Priscilla Kibbee

I love to travel all over the globe shopping for textiles to add to my wearable art. I have taught quilting to school children in Nepal, seminole patchwork to seamstresses in Thailand, and jackets and embellishment to quilters in Turkey where I also served as a judge at 2 of their International Quilt Shows. I have created garments for 5 Fairfield and Bernina Fashion Shows and teach classes on embellishment and wearable art. Lately I have been leaning more toward making art quilts.

Friday, June 11, 2010

Bomb Disposal in Laos

My friend Phon Sai, the former monk, just finished an Advanced Bomb Disposal course in Laos. He wasn't in town on my last trip in February but I hope to see him in November.





Phon Sai remembers vividly the day he picked up a cluster bomb in the forest of Laos’ Xiang Quang province. It was the size and shape of a tennis bal—— about the same size as the balls Laotian children use to play a game they call bou.
And it was irresistible.
“We saw them all the time, and nothing ever happened. But when I picked this one up, it went bang,” he says.
Silavan was luckier than most. He wasn’t seriously injured by the cluster bomb but 20 years later still has the scars on his arms, leg and neck. “I was very, very stupid to play with this thing,” he says. “And my grandmother sent me to off to be re-educated at the temple because I was a naughty boy.” Becoming a monk was also the only way he could possibily afford school.
He seems to have learned his lesson. Today he is a field operations manager for the Mines Advisory Group (MAG) in Laos, helping find and render harmless leftover ordnance from a near-forgotten war.
The war ended 35 years ago, but left a deadly legacy. The U.S. military dropped more than 1.6 million tons of bombs on Laos during the war in Vietnam. That’s more bombs than it dropped on all of Europe during World War II, making Laos the most heavily bombed country in the world on a per capita basis.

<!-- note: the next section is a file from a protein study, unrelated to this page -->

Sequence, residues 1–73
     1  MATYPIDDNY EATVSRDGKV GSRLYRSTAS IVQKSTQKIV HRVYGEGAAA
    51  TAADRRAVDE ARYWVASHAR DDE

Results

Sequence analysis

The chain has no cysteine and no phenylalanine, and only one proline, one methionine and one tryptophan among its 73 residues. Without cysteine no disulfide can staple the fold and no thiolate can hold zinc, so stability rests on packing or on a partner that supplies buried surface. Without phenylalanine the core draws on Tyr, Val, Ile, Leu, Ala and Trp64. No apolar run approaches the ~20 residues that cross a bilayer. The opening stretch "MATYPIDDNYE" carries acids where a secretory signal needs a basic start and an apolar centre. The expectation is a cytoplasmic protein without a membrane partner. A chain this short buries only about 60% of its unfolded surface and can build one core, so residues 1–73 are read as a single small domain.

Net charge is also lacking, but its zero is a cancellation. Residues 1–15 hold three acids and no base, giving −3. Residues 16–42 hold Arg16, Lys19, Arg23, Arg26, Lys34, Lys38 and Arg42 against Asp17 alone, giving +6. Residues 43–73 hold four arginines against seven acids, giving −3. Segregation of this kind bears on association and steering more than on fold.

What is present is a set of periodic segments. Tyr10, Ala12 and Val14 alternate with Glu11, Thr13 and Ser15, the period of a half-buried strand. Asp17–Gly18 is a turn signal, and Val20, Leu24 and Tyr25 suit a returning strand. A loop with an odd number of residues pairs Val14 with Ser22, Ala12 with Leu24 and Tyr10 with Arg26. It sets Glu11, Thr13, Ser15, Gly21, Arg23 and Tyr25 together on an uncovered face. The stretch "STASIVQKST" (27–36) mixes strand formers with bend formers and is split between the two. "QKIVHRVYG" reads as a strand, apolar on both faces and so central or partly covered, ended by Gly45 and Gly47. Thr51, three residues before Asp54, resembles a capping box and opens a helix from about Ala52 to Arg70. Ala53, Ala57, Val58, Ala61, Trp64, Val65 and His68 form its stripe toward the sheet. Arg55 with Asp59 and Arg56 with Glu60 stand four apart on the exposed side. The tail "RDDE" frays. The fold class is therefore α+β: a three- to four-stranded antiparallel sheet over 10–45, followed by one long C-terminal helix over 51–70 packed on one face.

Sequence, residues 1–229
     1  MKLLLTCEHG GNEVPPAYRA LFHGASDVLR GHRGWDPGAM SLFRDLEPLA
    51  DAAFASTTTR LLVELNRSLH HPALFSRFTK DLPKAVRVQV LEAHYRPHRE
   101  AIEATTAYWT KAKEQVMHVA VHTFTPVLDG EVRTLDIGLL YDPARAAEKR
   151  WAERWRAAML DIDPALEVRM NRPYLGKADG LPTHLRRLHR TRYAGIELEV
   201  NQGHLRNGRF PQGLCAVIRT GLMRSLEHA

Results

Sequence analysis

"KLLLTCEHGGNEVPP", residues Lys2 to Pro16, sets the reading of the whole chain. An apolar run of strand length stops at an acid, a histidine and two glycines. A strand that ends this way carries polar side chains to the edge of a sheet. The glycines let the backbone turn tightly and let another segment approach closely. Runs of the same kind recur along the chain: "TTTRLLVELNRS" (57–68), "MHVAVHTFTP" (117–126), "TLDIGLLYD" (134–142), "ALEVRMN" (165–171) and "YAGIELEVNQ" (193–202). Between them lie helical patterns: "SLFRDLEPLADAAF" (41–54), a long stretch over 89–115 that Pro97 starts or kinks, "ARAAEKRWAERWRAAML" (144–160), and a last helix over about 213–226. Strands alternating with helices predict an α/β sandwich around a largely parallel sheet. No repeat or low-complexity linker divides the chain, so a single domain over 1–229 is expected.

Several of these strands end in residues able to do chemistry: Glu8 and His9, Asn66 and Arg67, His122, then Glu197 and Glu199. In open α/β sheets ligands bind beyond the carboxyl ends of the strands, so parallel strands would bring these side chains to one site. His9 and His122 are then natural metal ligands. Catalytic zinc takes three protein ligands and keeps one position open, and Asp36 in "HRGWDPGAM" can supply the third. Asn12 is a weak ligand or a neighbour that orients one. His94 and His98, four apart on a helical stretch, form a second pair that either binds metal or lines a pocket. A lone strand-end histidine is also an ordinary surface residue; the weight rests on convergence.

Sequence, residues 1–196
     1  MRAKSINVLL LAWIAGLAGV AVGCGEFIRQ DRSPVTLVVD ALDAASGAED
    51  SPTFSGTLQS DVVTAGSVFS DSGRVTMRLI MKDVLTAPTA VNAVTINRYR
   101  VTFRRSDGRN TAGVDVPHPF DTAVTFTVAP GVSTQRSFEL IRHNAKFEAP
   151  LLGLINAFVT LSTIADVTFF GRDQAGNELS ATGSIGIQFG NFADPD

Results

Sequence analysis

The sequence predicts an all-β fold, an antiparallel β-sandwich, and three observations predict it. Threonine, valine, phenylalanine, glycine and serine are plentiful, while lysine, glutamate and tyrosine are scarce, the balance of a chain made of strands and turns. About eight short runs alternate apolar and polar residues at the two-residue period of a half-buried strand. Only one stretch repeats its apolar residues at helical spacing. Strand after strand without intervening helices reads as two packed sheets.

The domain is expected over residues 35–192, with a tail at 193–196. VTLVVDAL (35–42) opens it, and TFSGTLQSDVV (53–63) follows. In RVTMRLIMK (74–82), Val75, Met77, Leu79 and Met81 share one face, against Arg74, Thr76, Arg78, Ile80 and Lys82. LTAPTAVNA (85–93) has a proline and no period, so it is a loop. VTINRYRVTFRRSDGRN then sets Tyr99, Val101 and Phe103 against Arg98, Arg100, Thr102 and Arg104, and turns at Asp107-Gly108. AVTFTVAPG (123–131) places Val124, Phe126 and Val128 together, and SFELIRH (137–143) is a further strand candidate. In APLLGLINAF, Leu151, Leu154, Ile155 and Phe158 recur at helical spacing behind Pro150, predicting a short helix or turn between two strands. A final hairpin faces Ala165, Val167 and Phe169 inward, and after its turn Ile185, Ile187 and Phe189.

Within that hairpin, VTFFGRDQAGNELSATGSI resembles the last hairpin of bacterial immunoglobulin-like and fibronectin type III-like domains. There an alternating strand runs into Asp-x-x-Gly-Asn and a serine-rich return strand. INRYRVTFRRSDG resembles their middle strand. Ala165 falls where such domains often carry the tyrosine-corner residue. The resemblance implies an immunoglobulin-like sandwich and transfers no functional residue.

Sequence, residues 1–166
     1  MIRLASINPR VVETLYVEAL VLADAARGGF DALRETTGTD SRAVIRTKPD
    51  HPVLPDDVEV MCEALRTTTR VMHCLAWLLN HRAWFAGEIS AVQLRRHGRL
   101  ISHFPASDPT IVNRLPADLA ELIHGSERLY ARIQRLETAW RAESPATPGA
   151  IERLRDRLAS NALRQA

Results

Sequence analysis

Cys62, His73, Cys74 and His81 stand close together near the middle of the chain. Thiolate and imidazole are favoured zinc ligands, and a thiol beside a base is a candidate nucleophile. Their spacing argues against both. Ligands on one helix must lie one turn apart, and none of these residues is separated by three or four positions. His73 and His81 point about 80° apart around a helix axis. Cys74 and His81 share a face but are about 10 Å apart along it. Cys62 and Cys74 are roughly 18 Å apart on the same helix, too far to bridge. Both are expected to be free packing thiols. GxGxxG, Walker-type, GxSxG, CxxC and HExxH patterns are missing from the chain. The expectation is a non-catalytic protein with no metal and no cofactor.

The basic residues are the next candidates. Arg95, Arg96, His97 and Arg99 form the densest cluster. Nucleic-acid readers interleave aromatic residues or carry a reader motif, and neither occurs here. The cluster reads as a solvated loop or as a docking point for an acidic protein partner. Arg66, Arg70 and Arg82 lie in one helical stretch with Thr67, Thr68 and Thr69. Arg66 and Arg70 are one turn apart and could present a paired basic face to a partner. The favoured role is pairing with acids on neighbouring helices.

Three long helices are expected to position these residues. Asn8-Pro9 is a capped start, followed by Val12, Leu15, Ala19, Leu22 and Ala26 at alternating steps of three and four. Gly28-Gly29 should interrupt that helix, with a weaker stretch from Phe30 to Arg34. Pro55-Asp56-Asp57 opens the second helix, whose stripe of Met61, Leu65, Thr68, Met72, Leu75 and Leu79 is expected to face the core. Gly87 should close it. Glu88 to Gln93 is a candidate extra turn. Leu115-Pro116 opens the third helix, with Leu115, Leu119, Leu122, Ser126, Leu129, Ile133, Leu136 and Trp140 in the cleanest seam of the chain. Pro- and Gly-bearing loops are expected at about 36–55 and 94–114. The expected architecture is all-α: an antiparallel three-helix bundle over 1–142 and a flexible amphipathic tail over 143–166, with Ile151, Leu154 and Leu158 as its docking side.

Most of the unexploded ordnance, known as UXO, is near Laos’ long border with Vietnam.. bombs dropped as part of the U.S. effort to disrupt communist supply lines along the so-called Ho Chi Minh Trail, much of which ran through Laos.

Khammoune province is one such area. It’s about a five-hour drive south and east of the capital Vientiene on Highway 12, not far from the border with Vietnam. Among the soaring limestone hills and lush green jungle, leftover ordnance isn’t hard to find.
Silavan says it’s not just bomb-disposal teams that are looking for the ordnance in one of the poorest countries in Asia.
“Sometimes, the villagers attempt to open the big bombs to sell the metal and the explosives inside to scrap dealers,” he says.
Bomb casings from high quality U.S.-made bombs weighing up to 2,000 pounds can fetch more than $100. Empty cluster bomb containers, which once contained up to 600 of the deadly, tennis-ball-size explosives, are also used for decoration, or as planters.
On a recent morning in Khammoune, a bomb-disposal team quickly uncovers a half-dozen small cluster munitions, which it marks and then destroys where they were found. It is too dangerous to move them, Silavan says. Mine disposal technicans make about $220 a month, more than they can possibly make as a laborer or farmer.
The sound of the simultaneous, controlled detonations bounces off the surrounding limestone hills.
Leftover unexploded ordnance hasn’t made the Laotians poor but it has helped keep them poor.
Lots of agricultural land is denied to people because of the presence of UXO, and this is the main problem. It prolongs poverty because people can’t do what they need to do. If they know that UXO is present, they will not plow deeply enough to get a good quality crop.
MAG and other groups work to help farmers clear their land and try to educate them about the dangers posed by unexploded ordnance.
In Khammoune province, MAG has used money from the U.S. State Department and the Department of Agriculture to clear 125 schools and the land around them.
At a school in Ban Na Thin, students use their after-school hours to water a large garden next to their classroom. The vegetables grown there are divided up and taken home to help augment their families’ diet in an area of the country where finding enough food is still a problem.
Funding for bomb removal is another problem. The current budget is less than $3 million a year. There is no problem spending the money, but supply isn’t keeping up with demand. They can’t clear everybody’s land and have to choose the poorest or most marginalized communities. The ideal thing is to clear the whole community but they simply don’t have the resources to do that.
And there’s no guarantee that MAG’s efforts at outreach and education will be enough, even in places they have made safer.
Children at the school in Ban Na Thin say they know better than to play with unexploded ordnance. Asked if he believes the children, MAG field boss Silavan says he does. But after thinking about it, he adds: “Maybe not, but I hope so.”

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